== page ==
Alumna Lisa Piccirillo Solves Famous 50-year-old Math Problem
During her graduate studies at The University of Texas at Austin, Lisa Piccirillo solved a problem that had bedeviled mathematicians for five decades.
During her graduate studies at The University of Texas at Austin, Lisa Piccirillo solved a problem that had bedeviled mathematicians for five decades. Her discovery, published in the Annals of Mathematics, excited the math world and drew coverage from The Boston Globe, The Washington Post, Quanta, Popular Mechanics and more.
Piccirillo first learned of the Conway Knot problem, posed in 1970 by famed mathematician John Conway, at a 2018 University of Texas at Austin mathematics conference. She solved the problem less than a week later, using techniques learned in her related work.
"There's a strong stereotype of what people who do math are like – introverted, nerdy, probably male, probably dead – and I was none of those things," Piccirillo told New Scientist. "I was very worried that I would have to give up other aspects of myself to be a math robot and I didn't want to do that. I felt that tension very acutely in my undergraduate program, but in graduate school, I learned that this tension isn't real. Mathematicians are interesting humans and none of them are geniuses."
The problem mathematicians could not solve was whether or not the Conway knot is "slice," a concept that relates 3D knots to shapes in the fourth dimension. Slice means the knot is a cross section of a 4D shape, while not slice means it cannot be cut from a 4D shape.
To better grasp this concept, picture the same idea in the 3D world we're used to. Imagine you cut an orange (three-dimensional) into round slices that were closer to two-dimensional. The resulting circles of oranges would be "slice" because they can be cut from the original 3D shape. A circle with a hole in the middle, however, could not be cut from the original shape and it is therefore not slice.
Slice and not slice works in higher dimensions, only instead of a 3D sphere (an orange) being cut, it is a 4D shape –– a knotted 2D sphere.
To get at this "sliceness" question, Piccirillo drew a knot analogous to the Conway knot. Then, she demonstrated that the similar knot was not slice. This solved the Conway knot too: not slice.
Piccirillo grew up in a small Maine town, where she explored an interest in mathematics from a young age. After completing an undergraduate degree in mathematics at Boston College, Piccirillo chose to attend UT Austin. On why she made this choice, The Boston Globe wrote of her: "After graduating in 2013, she chose to pursue her doctorate at the University of Texas because of the university's excellent topology program and its reputation as a great place for female math students."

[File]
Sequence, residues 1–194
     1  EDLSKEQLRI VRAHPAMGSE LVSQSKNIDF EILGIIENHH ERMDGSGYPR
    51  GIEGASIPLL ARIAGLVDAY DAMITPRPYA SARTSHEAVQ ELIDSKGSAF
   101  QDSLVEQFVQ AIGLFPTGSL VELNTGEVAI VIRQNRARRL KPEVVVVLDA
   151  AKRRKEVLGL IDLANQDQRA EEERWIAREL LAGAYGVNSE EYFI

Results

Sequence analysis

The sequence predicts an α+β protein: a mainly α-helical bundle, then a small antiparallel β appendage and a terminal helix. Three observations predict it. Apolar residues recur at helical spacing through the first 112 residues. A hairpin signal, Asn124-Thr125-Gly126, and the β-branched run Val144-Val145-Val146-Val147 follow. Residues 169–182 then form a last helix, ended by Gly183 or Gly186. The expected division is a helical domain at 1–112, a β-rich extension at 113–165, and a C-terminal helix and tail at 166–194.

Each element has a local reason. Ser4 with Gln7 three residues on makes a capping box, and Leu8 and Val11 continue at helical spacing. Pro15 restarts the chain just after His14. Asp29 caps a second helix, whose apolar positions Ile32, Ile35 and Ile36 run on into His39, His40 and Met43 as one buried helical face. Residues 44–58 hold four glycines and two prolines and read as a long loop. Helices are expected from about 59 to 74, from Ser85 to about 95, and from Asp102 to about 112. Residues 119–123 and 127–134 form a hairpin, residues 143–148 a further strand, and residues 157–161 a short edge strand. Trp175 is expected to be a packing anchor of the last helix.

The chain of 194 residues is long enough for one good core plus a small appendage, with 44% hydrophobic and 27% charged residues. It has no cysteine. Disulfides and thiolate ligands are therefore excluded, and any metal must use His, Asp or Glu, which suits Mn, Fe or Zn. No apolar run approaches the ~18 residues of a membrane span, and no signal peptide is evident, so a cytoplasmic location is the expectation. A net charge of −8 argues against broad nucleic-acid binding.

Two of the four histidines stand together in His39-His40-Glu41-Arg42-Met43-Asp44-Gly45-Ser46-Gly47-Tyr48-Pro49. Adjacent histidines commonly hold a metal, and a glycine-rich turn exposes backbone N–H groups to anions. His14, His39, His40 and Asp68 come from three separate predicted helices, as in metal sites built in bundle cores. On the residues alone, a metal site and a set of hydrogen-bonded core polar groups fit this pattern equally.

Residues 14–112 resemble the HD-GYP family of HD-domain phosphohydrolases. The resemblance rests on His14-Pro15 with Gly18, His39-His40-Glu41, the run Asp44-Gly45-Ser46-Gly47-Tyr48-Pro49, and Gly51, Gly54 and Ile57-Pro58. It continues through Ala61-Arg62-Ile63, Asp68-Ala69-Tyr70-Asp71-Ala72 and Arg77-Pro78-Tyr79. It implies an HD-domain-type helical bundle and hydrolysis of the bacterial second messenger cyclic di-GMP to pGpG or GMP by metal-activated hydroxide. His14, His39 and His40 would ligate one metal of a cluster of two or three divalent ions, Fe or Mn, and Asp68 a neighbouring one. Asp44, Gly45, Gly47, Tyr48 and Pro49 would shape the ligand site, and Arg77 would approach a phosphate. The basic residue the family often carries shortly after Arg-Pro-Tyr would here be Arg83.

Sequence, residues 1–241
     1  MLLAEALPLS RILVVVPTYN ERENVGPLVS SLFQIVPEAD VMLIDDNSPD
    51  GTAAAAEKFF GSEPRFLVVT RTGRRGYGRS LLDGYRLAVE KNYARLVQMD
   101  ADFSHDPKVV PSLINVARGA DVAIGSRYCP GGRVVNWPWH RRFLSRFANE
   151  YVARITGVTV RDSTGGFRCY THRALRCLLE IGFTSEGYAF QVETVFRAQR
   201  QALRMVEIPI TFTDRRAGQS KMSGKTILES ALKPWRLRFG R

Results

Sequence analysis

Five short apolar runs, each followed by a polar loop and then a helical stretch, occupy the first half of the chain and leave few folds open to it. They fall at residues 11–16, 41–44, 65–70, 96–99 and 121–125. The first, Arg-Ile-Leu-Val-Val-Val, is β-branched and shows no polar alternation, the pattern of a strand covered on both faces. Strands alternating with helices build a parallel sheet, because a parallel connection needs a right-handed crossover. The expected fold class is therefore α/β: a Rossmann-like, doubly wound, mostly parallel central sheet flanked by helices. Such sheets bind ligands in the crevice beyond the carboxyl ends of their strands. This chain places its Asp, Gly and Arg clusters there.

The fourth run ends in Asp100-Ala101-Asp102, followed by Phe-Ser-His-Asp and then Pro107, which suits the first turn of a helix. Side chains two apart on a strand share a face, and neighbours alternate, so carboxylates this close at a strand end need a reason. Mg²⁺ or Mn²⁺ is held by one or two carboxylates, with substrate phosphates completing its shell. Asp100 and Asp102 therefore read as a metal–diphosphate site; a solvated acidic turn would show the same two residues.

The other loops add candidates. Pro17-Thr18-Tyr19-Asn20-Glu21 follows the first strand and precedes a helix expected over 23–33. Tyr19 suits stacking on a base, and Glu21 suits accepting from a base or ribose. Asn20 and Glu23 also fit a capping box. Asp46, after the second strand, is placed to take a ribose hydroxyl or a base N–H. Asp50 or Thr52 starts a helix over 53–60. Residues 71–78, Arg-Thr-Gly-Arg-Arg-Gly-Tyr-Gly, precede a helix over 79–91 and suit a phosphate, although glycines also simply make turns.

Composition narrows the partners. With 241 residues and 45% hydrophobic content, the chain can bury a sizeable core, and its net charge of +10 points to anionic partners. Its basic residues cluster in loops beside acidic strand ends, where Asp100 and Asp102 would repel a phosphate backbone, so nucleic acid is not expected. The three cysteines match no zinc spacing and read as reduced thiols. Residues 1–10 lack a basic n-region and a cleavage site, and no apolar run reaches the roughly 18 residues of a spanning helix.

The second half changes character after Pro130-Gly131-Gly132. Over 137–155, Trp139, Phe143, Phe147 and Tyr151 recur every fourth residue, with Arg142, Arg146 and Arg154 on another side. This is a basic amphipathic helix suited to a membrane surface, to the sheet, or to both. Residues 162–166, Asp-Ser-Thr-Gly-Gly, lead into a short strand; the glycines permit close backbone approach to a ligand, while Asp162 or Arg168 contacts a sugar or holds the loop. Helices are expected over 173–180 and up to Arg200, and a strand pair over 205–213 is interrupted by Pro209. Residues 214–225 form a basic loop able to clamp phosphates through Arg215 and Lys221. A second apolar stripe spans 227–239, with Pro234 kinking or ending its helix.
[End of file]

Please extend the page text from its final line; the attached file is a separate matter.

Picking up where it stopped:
Piccirillo made the most of these aims, joining the graduate program in topology – which, according to U.S News & World Report, ranks #8 in the country – and becoming an organizer for the Distinguished Women in Mathematics Lecture series.
"At UT I didn't worry that my interests, personality or background implied I couldn't be a good mathematician," Piccirillo wrote in an email. "I was surrounded by folks who had all sorts of interests, backgrounds, commitments, who were all strong mathematicians and, more importantly, compelling humans. I was relieved not to stand out as much as I otherwise might have."
Shortly after she graduated from UT Austin in 2019 and took the campus's top dissertation award, The Massachusetts Institute of Technology recruited Piccirillo to be an assistant professor.
"The change from being a relatively unknown Ph.D. student to very visible MIT faculty has been surreal," she said. "And while it can be daunting to live up to this role, it's also exciting. I have enormous respect for the position and feel very privileged to have this opportunity."
Graduate student untangles nature of Conway knot, Washington Post
Young Mathematician Solves Old, Famous Knot Problem in Barely a Week, Popular Mechanics
Update: On September 10, Lisa Piccirillo was announced as one of the first winners of the prestigious new Maryam Mirzakhani New Frontiers Prize from the Breakthrough Prize foundation.